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5.0 out of 5 stars Don't Use a Cell Phone if You are an Evil Dooer Lucas Wants
Lucas Davenport is the luckiest crime fighter in the World. He has survived 14 Prey novels by John Sanford (John Camp). (Naked Prey is is latest, reviewed elsewhere). Lucas gets invited to St. Louis for a few days by the FBI. Luckily, Minnesota doesn't need him. He is getting married, but Weather doesn't want him around Minneapolis, and neither do the politicians. Off he...
Published on May 10 2003 by Ray M. Bayles

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1 of 1 people found the following review helpful
3.0 out of 5 stars The 'man-hunt' for Clara Rinker
Clara Rinker was the female assassin Lucas Davenport met in an earlier book, Certain Prey. She managed to escape both him and the FBI, and have been hiding in Mexico. Something terrible happens down there, and Clara is forced to go back to the States to seek revenge. While Clara gets aquainted with old friends and foes, Davenport and the FBI figures out, that because of...
Published on June 20 2004 by Louise


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3.0 out of 5 stars The 'man-hunt' for Clara Rinker, June 20 2004
By 
Louise (Copenhagen V, Denmark) - See all my reviews
Clara Rinker was the female assassin Lucas Davenport met in an earlier book, Certain Prey. She managed to escape both him and the FBI, and have been hiding in Mexico. Something terrible happens down there, and Clara is forced to go back to the States to seek revenge. While Clara gets aquainted with old friends and foes, Davenport and the FBI figures out, that because of the incidents in Mexico, they should begin looking for Clara in the States again. Soon dead bodies start to turn up, and there is no doubt in Davenport's mind that it is Clara's work. But neither he nor the FBI can find her. Lucas is helping out the feds, but it is not before he starts investigating on his own, with the help from a couple of retired cops, that he starts to find the rigth track. Question is, will Clara succeed in escaping this time as well?
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4.0 out of 5 stars Pull up a Comfortable Davenport, March 7 2004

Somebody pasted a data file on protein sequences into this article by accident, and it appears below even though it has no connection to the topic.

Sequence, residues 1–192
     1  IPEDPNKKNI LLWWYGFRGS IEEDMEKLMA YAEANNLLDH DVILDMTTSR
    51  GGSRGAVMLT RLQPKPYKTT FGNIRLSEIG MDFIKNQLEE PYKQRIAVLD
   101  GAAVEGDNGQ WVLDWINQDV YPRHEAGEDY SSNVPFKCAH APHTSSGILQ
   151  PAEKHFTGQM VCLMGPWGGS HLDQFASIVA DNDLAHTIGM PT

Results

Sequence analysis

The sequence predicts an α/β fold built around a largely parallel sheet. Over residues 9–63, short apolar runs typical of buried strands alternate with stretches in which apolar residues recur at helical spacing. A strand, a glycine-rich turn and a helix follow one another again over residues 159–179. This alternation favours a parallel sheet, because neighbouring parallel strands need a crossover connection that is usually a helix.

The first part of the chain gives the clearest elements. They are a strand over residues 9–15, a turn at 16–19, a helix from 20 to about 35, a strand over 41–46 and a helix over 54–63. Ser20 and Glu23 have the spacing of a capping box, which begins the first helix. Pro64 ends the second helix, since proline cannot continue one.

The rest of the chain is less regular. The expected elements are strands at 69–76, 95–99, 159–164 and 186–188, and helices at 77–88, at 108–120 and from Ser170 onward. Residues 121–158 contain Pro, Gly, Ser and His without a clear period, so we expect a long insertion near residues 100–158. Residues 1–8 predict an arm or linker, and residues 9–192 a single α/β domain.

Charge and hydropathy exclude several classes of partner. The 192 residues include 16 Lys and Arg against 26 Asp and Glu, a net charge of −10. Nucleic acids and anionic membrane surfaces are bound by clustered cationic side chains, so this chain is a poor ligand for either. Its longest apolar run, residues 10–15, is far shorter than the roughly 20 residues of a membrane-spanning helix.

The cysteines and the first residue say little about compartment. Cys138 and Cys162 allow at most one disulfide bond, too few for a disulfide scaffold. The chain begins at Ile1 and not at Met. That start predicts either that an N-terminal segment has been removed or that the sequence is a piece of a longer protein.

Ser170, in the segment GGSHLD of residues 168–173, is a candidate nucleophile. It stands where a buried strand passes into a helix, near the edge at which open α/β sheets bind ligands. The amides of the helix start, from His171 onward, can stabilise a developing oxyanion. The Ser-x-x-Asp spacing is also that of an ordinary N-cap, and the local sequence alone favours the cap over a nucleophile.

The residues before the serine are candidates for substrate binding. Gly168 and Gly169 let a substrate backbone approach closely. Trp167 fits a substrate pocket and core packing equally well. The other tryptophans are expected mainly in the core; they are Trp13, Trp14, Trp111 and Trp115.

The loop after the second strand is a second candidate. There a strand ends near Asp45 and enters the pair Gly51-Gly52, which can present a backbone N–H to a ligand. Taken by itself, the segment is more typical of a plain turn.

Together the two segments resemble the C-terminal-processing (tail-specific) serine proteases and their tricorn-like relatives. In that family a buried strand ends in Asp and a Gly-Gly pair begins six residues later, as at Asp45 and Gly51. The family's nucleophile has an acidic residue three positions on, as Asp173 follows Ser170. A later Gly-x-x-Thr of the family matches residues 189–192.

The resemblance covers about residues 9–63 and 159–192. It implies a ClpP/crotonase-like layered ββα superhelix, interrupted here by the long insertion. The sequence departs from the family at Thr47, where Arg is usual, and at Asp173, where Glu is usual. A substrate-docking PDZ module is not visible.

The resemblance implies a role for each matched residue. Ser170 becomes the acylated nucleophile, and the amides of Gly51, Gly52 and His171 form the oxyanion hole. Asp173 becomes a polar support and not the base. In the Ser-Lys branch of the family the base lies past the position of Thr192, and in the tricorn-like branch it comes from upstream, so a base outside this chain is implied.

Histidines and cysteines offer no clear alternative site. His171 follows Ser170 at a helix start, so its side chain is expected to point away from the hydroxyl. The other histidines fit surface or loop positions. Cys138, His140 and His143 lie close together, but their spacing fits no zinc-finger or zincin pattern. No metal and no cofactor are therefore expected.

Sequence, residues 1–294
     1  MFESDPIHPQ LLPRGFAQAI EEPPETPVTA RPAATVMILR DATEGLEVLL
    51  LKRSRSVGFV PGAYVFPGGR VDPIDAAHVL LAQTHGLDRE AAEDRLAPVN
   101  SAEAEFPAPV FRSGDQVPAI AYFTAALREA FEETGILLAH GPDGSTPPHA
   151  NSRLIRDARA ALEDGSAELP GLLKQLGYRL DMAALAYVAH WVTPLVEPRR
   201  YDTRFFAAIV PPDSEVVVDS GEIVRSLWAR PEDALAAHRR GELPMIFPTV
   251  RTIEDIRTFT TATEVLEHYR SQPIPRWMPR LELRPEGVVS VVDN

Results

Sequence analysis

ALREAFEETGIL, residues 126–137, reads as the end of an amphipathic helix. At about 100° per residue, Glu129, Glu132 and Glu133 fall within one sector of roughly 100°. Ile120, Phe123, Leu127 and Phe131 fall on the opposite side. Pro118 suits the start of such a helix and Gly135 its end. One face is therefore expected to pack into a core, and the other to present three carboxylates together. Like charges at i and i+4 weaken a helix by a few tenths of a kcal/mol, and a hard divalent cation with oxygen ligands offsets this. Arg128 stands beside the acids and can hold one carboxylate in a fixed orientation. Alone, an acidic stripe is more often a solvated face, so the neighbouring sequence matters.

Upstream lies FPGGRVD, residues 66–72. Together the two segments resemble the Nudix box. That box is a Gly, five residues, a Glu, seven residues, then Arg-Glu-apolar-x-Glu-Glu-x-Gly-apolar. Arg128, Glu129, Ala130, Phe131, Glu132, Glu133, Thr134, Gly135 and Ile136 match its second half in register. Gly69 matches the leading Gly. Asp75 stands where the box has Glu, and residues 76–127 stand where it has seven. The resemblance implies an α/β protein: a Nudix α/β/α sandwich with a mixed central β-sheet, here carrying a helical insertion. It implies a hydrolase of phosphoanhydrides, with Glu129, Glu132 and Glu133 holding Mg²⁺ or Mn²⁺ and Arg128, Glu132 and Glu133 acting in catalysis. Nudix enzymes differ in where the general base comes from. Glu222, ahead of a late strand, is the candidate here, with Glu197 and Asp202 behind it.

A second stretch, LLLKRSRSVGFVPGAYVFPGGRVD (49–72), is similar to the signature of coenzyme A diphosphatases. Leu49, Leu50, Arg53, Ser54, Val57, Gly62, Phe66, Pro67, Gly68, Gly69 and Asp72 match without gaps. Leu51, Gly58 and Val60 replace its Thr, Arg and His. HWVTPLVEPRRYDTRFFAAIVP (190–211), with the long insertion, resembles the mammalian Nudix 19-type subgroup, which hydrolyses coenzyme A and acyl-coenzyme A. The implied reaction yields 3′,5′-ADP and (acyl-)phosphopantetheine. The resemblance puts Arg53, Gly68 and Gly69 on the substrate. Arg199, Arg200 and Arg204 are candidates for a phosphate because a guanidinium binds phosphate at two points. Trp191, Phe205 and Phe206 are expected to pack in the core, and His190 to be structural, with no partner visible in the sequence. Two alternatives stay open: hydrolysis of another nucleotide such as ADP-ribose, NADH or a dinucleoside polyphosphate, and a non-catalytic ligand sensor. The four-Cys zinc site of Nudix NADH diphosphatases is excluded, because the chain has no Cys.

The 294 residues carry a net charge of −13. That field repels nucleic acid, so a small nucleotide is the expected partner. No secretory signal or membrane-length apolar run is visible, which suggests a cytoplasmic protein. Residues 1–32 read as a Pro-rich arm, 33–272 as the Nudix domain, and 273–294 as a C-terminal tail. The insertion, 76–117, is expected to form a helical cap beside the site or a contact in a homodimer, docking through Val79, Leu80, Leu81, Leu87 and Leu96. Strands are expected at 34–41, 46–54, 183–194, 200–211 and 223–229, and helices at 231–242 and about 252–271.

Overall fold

By 
tertius3 (MI United States) - See all my reviews
Looking through the 'scope, this novel features exotic locales for Lucas Davenport, well outside his usual Twin Cities ambit, and a new treat for the reader. Perhaps these varied settings presage a wider field of action as Davenport moves to a new, state job in the next novel. Viewed from the other end, I didn't find the excessive personal tensions and psycho-logical horror that he often encounters in his earlier cases. Although numerous changes are impending in his life, they play little role here. This is a stroll for Lucas, who leads all the work, and contributes all the leads, at a comfortable yet rapid pace. A nice vacation from fear for the reader, too, since the killer's hits are on people you won't particularly like. Incidentally, this could be a good book for retirees, who would be proud of the retired St. Lou gum-shoes who do good work (ALL the work, one might say, since the FBI seems only good for looking up 'phone numbers :).
Davenport's quarry is once again the memorably endearing professional of CERTAIN PREY, Clara Rinker, coming back into Lucas' conflicted life. Clara is ingenious and constantly surprising, ruthlessly efficient and creative. She is as confident as ever and bent on multiple revenges, less enigmatic in aims than Sandford's usual psychos but as devious in means as ever. Stalking her ends up much deeper than you initially suspect. I found very little was extraneous to the plot, despite a high page count. Numerous characters come and go, some stereotyped for the plot, but each each well and contrastively characterized. There are two developments in Davenport's slowly progressing family life. Lucas shows he is one in a long line of sentimental detectives in literature, but very close to the top.